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Two experimental garden plots were each planted with the

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Two experimental garden plots were each planted with the [#permalink] New post 24 May 2010, 11:50
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A
B
C
D
E

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83% (01:54) correct 17% (00:59) wrong based on 5 sessions
Two experimental garden plots were each planted with the same number of tomato plants. Magnesium salts were added to the first plot but not to the second. The first plot produced 20 pounds of tomatoes and the second plot produced 10 pounds. Since nothing else but water was added to either plot, the higher yields in the first plot must have been due to the magnesium salts.
Which of the following, if true, most seriously weakens the argument above?

(A) A small amount of the magnesium salts from the first plot leached into the second plot.
(B) Tomato plants in a third experimental plot, to which a high-nitrogen fertilizer was added, but no magnesium salts, produced 15 pounds of tomatoes.
(C) Four different types of tomatoes were grown in equal proportions in each of the plots.
(D) Some weeds that compete with tomatoes cannot tolerate high amounts of magnesium salts in the soil.
(E) The two experimental plots differed from each other with respect to soil texture and exposure to sunlight.

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OA- E
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Re: Two experimental garden plots [#permalink] New post 24 May 2010, 14:45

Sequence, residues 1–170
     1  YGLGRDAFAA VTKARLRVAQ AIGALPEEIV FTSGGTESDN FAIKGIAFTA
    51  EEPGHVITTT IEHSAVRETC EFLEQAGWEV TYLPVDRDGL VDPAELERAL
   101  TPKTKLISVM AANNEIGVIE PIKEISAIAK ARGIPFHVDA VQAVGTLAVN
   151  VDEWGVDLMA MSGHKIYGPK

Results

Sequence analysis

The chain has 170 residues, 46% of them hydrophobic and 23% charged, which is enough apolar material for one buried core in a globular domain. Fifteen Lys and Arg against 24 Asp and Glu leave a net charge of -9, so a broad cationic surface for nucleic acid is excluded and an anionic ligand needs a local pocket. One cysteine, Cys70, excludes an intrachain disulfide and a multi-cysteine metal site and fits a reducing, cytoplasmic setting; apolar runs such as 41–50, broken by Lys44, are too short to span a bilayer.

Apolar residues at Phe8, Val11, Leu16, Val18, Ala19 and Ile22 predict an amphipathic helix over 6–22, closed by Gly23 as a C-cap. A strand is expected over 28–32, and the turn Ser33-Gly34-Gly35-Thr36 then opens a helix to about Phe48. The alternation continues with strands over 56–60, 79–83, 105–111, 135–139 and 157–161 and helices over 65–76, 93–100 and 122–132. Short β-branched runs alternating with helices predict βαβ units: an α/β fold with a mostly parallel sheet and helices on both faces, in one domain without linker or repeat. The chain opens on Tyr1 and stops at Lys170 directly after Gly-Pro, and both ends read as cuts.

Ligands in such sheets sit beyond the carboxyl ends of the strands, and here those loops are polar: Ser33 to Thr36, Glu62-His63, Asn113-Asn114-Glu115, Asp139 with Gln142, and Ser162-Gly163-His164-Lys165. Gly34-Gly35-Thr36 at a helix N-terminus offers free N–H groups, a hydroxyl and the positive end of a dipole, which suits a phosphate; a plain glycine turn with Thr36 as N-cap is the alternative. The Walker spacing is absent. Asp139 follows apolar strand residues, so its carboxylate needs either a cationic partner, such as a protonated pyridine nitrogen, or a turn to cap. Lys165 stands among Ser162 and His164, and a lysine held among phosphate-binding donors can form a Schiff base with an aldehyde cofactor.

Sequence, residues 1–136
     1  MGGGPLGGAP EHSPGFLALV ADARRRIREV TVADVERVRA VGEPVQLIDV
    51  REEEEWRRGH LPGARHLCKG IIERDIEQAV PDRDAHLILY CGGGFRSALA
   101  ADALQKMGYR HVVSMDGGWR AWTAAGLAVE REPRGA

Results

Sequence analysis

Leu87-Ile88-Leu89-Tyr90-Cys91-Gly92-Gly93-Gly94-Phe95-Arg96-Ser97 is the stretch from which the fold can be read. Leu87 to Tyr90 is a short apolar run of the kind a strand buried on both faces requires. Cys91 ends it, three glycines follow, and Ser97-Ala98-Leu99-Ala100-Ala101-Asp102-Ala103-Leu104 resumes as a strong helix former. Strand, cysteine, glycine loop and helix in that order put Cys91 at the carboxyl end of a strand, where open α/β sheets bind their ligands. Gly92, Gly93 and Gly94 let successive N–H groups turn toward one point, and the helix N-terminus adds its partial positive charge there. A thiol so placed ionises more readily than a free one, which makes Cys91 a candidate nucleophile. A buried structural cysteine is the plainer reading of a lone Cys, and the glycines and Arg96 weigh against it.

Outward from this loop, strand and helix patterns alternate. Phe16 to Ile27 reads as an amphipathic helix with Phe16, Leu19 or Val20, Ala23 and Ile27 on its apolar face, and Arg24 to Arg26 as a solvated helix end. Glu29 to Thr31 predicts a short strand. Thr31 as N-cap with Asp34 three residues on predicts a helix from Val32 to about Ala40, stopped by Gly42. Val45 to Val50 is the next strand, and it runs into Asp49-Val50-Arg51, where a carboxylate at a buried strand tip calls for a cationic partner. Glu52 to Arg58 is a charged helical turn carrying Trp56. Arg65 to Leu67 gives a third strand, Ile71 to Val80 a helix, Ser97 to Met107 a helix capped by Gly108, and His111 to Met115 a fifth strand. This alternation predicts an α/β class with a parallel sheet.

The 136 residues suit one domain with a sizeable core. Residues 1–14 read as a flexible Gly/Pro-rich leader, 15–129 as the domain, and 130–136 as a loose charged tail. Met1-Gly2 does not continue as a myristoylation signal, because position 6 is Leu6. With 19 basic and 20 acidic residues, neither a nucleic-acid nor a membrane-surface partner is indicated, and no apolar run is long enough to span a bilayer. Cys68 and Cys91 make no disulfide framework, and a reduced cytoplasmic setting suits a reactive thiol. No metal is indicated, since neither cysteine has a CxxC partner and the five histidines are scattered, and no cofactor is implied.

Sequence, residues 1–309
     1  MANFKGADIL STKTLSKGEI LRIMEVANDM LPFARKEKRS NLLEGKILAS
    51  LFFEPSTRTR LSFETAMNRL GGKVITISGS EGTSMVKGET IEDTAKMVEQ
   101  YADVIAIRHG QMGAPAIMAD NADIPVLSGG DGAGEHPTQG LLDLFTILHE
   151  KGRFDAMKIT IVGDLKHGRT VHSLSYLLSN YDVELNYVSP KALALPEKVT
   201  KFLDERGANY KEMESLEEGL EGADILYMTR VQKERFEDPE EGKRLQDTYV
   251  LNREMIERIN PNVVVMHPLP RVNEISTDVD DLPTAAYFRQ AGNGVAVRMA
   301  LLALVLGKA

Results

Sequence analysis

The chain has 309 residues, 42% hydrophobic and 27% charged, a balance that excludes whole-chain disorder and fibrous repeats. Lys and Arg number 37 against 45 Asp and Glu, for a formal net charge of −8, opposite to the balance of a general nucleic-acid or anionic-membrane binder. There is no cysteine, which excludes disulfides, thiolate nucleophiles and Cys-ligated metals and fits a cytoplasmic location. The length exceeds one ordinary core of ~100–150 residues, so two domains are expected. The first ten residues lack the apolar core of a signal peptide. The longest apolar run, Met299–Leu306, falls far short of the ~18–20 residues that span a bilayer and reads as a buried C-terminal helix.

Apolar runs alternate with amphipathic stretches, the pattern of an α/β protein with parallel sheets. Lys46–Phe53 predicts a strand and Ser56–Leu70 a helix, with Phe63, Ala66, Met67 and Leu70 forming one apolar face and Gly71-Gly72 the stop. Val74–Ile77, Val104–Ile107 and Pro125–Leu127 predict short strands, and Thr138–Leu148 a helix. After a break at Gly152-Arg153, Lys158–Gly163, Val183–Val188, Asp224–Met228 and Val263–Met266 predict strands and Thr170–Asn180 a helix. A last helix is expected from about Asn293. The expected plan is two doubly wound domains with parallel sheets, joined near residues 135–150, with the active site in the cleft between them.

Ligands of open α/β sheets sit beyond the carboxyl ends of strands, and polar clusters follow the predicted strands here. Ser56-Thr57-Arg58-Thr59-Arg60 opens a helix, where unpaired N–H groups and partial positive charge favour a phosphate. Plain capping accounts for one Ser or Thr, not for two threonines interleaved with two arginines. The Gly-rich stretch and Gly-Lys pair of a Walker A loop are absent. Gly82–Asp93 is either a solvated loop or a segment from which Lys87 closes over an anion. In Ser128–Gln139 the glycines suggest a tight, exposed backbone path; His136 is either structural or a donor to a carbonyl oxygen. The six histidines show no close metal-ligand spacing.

I would pick E.
Actually I hesitated with D, but in fact I think that D actually support the conclusion.
With E we see that the soil texture and sunlight exposition were resposible for the higher yield.
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Re: Two experimental garden plots [#permalink] New post 26 May 2010, 11:51
My pick is E.

Argument says that Magnesium salt was the only thing that was different in both the plots.

E provides others reasons (soil texture and exposure to sunlight) were different in the two plots because which the tomato produce in plot would have been more than the produce in another plot.
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Re: Two experimental garden plots [#permalink] New post 28 May 2010, 02:34
nilesh376 wrote:
Two experimental garden plots were each planted with the same number of tomato plants. Magnesium salts were added to the first plot but not to the second. The first plot produced 20 pounds of tomatoes and the second plot produced 10 pounds. Since nothing else but water was added to either plot, the higher yields in the first plot must have been due to the magnesium salts.
Which of the following, if true, most seriously weakens the argument above?

(A) A small amount of the magnesium salts from the first plot leached into the second plot.
(B) Tomato plants in a third experimental plot, to which a high-nitrogen fertilizer was added, but no magnesium salts, produced 15 pounds of tomatoes.
(C) Four different types of tomatoes were grown in equal proportions in each of the plots.
(D) Some weeds that compete with tomatoes cannot tolerate high amounts of magnesium salts in the soil.
(E) The two experimental plots differed from each other with respect to soil texture and exposure to sunlight.


A. Doesn't weaken the argument. It tries to confuse you making you think that if some salt leached then we would have similar results. But since a small amount leached it's not relevant enough.
B. Doesn't weaken the argument, just adds a different variable.
C. If they were grown in equal proportions then it strengthens the argument instead of weakening it.
D. It strengthens the argument: some weeds that compete with tomatoes died in the 1st plot while they may have grown in the second, affecting the yield of the second plot.
E. If true, it really weakens the argument, showing that we couldn't compare the two plots as equal, allowing other variables to play some effect on the yields.
Re: Two experimental garden plots   [#permalink] 28 May 2010, 02:34
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